A couple of days ago I got angry. I felt a kind of anger I hadn’t felt in quite a while. I have worked very hard over the last decade to not let myself be triggered into the the kind of anger that causes damage. As a teenager, when my family was breaking apart due to my father’s alcoholism and PTSD, I was so angry I would yell at my mother that “I didn’t ask for this s*!t”. I would blame her for my confused feelings. One time I was so angry at my fighting parents in the other room, I went to my bedroom, and kicked a hole in the wall. The strength I felt surprised me, and took me aback. My anger turned into sadness and drinking in my twenties. As my relationship with my father (two tour combat veteran of the Vietnam war) was at this low point, I too felt so low that I sought out counseling. In my early and mid twenties I had hit bottom. I could barely go to work and I certainly couldn’t feel open hearted in any way.
That was twenty years ago, and over twenty years after my father came home from the war and had me in 1967.
It has been a hard road of healing. In my 30s I had made progress enough that I met someone and we began a relationship. However, I found that being with this man triggered me in many ways. He was, and is (we are still together after 13 years), a good person, and yet the intimacy of relationship brought up much anger in me. I didn’t like the feeling of my rising anger, and yet it came from somewhere that felt old and deep. Over the years, and much attention on my part, I have been able to tend the parts of me that were hurt by the many aspects of growing up with a combat veteran, and watching his life, and my parent’s marriage, fall apart in front of my eyes.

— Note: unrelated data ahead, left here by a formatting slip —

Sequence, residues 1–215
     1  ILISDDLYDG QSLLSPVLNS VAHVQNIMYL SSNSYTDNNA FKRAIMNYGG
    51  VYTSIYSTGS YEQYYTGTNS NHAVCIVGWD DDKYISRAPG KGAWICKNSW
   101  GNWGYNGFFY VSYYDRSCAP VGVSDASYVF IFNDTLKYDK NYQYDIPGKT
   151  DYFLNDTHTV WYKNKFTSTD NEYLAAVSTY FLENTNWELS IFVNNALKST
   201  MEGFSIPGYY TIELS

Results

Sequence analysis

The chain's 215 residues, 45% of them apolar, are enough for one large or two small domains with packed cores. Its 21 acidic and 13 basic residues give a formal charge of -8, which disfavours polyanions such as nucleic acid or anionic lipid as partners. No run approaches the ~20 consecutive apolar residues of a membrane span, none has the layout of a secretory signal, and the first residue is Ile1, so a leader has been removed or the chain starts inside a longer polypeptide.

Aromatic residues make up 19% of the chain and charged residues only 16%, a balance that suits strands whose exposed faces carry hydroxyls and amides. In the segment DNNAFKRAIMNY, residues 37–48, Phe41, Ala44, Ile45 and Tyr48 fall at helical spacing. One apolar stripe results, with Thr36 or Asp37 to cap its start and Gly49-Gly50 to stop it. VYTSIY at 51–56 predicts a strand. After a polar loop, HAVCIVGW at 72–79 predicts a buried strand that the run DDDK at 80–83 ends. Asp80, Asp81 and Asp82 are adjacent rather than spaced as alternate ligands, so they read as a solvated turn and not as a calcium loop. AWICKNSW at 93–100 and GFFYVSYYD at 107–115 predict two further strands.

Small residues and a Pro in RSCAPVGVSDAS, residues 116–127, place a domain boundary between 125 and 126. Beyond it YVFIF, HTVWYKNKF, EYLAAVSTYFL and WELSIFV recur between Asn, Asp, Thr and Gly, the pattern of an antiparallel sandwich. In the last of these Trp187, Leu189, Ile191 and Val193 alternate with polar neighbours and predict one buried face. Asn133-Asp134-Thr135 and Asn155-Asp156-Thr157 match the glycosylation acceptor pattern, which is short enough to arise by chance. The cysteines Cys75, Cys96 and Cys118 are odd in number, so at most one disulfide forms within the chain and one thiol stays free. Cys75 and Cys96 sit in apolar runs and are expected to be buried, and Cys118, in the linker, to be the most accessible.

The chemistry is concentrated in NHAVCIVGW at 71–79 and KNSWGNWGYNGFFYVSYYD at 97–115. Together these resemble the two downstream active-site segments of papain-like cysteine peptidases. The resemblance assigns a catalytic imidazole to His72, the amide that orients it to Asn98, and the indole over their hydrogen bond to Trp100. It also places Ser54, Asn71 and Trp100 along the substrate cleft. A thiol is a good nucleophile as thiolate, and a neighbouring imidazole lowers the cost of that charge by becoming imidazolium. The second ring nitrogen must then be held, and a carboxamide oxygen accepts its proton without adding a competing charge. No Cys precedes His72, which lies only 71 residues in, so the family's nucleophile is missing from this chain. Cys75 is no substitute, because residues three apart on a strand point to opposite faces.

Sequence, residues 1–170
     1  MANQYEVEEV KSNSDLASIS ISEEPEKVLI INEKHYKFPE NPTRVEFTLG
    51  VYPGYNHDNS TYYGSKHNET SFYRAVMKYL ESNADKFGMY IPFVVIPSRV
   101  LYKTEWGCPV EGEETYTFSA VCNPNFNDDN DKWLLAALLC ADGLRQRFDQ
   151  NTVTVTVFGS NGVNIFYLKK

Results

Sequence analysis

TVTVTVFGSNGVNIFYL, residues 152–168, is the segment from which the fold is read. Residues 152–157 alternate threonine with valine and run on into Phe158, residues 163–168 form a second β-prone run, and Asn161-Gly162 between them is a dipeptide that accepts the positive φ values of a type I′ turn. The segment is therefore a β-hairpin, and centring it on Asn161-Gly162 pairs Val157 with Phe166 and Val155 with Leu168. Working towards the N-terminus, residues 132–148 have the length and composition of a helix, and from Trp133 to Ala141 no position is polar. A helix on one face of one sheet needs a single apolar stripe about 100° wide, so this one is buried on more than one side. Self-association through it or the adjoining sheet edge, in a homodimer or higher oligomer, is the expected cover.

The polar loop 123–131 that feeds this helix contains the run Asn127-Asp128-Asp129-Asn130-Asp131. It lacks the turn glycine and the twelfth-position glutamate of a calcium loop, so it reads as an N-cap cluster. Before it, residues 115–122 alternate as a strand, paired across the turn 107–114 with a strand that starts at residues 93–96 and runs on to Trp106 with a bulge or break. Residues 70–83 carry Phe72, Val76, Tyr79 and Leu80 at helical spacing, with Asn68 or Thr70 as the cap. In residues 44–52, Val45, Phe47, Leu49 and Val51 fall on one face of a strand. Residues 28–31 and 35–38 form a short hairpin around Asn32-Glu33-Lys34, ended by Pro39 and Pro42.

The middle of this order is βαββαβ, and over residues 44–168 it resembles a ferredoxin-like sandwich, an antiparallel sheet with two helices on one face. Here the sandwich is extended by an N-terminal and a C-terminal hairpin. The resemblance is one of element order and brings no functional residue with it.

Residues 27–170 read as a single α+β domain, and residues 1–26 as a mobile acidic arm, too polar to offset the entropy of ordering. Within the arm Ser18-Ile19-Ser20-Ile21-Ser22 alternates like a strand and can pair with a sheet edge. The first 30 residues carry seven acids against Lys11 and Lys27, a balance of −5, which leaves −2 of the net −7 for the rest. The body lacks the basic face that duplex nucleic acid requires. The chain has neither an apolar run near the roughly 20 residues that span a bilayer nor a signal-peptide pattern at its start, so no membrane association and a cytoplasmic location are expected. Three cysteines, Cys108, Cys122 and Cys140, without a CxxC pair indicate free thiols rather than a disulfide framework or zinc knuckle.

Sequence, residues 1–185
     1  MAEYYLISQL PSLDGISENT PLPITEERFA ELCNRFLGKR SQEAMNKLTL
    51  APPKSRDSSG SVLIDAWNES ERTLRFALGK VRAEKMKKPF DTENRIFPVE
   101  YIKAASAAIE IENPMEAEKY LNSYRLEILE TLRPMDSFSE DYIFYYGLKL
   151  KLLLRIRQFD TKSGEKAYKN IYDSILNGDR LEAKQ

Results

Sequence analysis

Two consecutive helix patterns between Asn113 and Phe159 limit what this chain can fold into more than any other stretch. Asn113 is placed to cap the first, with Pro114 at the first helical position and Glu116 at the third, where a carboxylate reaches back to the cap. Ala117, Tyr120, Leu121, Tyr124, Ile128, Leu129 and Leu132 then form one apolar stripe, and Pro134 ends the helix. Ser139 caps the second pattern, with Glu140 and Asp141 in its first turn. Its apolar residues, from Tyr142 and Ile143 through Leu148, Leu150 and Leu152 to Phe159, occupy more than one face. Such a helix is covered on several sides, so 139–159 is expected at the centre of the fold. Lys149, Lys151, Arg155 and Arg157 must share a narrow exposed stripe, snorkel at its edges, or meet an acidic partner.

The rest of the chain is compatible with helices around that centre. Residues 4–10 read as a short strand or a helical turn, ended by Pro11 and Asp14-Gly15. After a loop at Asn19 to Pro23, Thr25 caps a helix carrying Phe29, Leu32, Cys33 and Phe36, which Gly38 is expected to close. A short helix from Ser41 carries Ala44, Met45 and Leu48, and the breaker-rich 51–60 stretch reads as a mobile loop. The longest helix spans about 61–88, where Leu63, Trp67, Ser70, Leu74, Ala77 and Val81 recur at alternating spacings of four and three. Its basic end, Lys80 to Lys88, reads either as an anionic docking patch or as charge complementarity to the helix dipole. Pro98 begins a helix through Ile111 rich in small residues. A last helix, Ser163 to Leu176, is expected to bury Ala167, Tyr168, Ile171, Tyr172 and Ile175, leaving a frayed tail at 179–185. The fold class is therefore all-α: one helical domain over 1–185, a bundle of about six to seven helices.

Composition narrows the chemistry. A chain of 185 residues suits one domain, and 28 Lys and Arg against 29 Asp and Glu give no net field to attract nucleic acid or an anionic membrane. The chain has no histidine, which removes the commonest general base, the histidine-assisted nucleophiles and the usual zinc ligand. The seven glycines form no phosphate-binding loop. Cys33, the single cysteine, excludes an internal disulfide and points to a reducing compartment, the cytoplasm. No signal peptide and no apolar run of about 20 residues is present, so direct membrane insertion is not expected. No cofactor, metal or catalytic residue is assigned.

So, a few days ago I found myself in a situation with a person that really got to me. The relationship had somehow moved into a feeling of ‘family’, the triggering, dysfunctional kind. Over the past few weeks I would catch myself feeling similar feelings, saying to myself “if only he/she would change”, “maybe this will change it”, and ultimately trying to “fix” the long standing situation of this other person’s life. I felt hopeless watching someone I care about going downhill, behaviors and attitudes worsening, self-punishment getting stronger, denial continuing. I am a warrior’s daughter, and my warrior self felt angry that I could not “help”. However, I kept trying until I got a clear sign.
I woke up the other night with the revelation of what I had allowed back into my life. I remember lying awake in bed, running over all the parts of our recent interactions in my head, and realizing that I recognized this combination of feelings (irritation, frustration and anger), as an energy that I could not let “move back in”. I had agreed to help this person the next day, and so I would…but I would have to “take a break” from being emotionally tied to the relationship. I have learned that behavior can certainly change, even if it isn’t as quickly as I would like, so rather than cut this person off completely, I felt I needed a “time-out” for my own mental health.